SAN JOSE, California — Born of too much brainstorming or not enough sleep, the names come flying out of nowhere — Crocodoc, Yext, Nowmov.
They turn nouns into adverbs (Answerly) or aspire to become brand-new verbs in true “I-just-googled-her” fashion.
And in the process, they drop vowels like a clumsy waiter (Flickr), spell perfectly good words backward (Xobni) and insert punctuation points where they have no business being (Center’d).
It’s the Great Internet Branding Gold Rush. And with tech startups in Silicon Valley and beyond falling over themselves to create cool names with an AdMob’s swagger and a Twitter’s zip, the word-play is getting wild. To make matters worse, as the supply of good available names dries up, the envelope is being pushed right over the cliff of clever into the canyon of overly cute.
“We were brainstorming for two weeks, but all the names we came up with were taken,” said Mo Al Adham, 25, who co-founded his video-sharing service while tethered to a tight budget. “We were still poor students, looking for a $10 domain name. My business partner used to love 7-Eleven lime slushies, so he said, ‘How about EatLime?’ If we’d had a hundred grand, we probably could have come up with a much better name.”
With the low-hanging fruit pretty much picked over, name-hungry entrepreneurs are in a branding frenzy. Whether they’re compiling kitchen-table lists or paying professional consultants, the startup crowd is resorting to all sorts of tricks — slapping words together, like Cardpool; lodging inside jokes into their names, like Lolapps; mixing up numbers and letters, like 500Friends. And each company founder thinks he or she has found the perfect one.
Take Shayan Zadeh, co-founder of an online dating site called Zoosk. Why Zoosk? Blame it on the drugs he was taking.
“My co-founder and I were both home with colds and a fever,” he said. “We were trying to come up with something and we wanted it to start with a ‘z’ or an ‘x’ because they’re sexy letters and we were a dating company. And after seeing the success of Google and Yahoo, we liked having two ‘o’s. Then the light bulb went off and Zoosk just sort of stuck. Plus, we were so sick and tired by that point that it must have been the NyQuil effect.”
Steven Addis, a Berkeley, Calif.-based consultant who’s been in the branding business for a quarter-century, sees the current crisis as part of a larger historical arc. Ten years ago, “everything was very dot-commish — punchy, short names like Yahoo. But when the bubble burst, a lot of the more frivolous names went out of vogue and suddenly sounded very dated.”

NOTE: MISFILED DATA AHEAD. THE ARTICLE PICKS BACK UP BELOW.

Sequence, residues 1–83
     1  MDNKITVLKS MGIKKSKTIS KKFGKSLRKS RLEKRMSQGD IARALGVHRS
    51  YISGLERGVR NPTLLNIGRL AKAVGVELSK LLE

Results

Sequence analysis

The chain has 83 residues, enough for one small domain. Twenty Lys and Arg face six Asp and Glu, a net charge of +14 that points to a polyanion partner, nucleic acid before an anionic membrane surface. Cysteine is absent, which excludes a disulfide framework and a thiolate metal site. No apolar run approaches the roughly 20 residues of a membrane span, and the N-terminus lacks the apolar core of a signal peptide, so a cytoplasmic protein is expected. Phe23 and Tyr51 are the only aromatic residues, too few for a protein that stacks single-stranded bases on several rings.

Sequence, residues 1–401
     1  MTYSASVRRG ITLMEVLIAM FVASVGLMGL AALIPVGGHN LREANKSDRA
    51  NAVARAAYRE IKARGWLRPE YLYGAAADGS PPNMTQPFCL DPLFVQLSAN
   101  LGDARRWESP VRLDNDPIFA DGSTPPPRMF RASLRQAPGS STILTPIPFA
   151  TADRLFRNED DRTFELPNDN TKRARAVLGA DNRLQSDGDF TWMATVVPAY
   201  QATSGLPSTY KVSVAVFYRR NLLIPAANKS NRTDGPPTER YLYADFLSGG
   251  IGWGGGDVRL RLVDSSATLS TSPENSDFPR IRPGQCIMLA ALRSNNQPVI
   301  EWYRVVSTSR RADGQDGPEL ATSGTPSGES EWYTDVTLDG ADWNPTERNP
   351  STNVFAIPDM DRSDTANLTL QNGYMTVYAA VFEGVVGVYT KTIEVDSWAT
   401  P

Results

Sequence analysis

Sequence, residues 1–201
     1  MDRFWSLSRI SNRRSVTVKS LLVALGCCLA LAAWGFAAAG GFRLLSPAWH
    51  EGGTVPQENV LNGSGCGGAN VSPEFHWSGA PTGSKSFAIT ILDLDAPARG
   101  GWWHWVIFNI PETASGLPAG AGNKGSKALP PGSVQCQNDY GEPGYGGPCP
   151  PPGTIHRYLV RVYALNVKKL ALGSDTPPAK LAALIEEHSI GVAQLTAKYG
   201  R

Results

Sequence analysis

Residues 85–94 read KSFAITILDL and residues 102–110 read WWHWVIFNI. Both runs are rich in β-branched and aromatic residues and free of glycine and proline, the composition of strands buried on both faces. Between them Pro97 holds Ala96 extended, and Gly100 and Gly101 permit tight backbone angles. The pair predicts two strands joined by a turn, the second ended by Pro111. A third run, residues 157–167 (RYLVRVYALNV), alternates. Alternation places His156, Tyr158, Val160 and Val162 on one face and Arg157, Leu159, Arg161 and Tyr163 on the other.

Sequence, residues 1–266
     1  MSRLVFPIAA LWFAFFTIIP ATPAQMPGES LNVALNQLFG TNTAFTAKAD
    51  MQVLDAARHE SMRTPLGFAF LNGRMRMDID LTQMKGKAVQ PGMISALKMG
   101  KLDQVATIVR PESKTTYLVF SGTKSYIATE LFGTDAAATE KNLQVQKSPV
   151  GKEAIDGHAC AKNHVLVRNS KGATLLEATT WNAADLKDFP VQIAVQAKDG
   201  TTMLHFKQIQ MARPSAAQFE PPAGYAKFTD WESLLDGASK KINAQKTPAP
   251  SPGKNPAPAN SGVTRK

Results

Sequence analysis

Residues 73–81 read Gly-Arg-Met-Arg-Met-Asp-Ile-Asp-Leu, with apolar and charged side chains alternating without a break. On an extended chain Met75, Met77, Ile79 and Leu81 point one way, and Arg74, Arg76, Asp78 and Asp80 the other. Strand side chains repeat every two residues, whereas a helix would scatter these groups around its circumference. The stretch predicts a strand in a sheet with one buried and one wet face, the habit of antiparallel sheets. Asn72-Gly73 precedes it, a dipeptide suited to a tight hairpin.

Addis said the pendulum swung the other way for a while, as everyone fled dot-comania like the plague. But lately, “the world has gone back to a more dot-com sort of feel, out of necessity because everything normal is taken,” said Addis, referring to the despised “domain squatters” — folks who grab the best names, then pay a small fee to sit on them until a desperate buyer comes along. “There’s such hatred for these guys, because they just hijack these great URLs.”
Which leads us to the misspelled, nonsensical, copycatting mess we’re now knee-deep in. Smule and Skimble, anyone?
And when the going gets tough, the tough spell words backward. One of the investors in Matt Brezina’s e-mail-organizing startup came up with Xobni. Get it?
“We hopped on the computer and saw the domain was available and bought it for eight bucks on the spot,” Brezina said. “Names with just five letters are hard to get, because the shorter it is the easier it is to type and the more traffic you get. Users say Xobni’s really memorable — especially once they know it’s ‘inbox’ spelled backward.”
And even though a consulting firm gave it a trophy for having the worst company name of 2008, Brezina says his San Francisco firm, now housed in Twitter’s old offices, has 34 employees and has seen one of its tools downloaded more than 5 million times.
Still, everyone’s got their own ideas about what makes a great name. Branding guru and author Naseem Javed says “we are at a crossroads right now because naming has become global. And your name must project the right strength, so if you think you can call yourself Boohoo or LalaLand, you’re dreaming in Technicolor.”
Apparently, the folks over at Fecalface (an art-scene site) and Booyah (an entertainment purveyor) didn’t get the memo.
“A lot of these companies will have a major marketing job to build awareness for their brand,” says Buford Barr, a marketing expert at Santa Clara University. “These names tell you nothing. At least Coca-Cola told you something — it was a cola! We don’t do that anymore. I don’t want to sound like an old guy, but how will people remember your name if they can’t even pronounce it?”
Pronounceability, if that’s even a word, is key, says Joe Fahrner, who co-founded a “question-and-answer search engine” called Answerly.
“We were inspired by Writely, which was acquired by Google. Answerly was available for $6.99. We also bought Questionly and Askerly just in case, all for under 100 bucks.”
In the end, nothing spells success like success. Caterina Fake — yes, her real name! — knows the thrill of watching one’s company name ascend into the rarefied air of common parlance. She co-founded and created the name Flickr, the photo-sharing Web site that was later sold to Yahoo for a rumored $40 million.
“We wanted Flicker, but the guy who had it wouldn’t sell,” says Fake, 40. “So I suggested to the team, ‘Let’s remove this “e” thing.’ They all said, ‘That’s too weird,’ but I finally ground everyone down. Then of course, it became THE thing and everyone started removing vowels right and left.”
And the rest — from Scribd to Jangl to Jaxtr to Qik — is, well, Hstry.
Guess which one of these five company names is fake:
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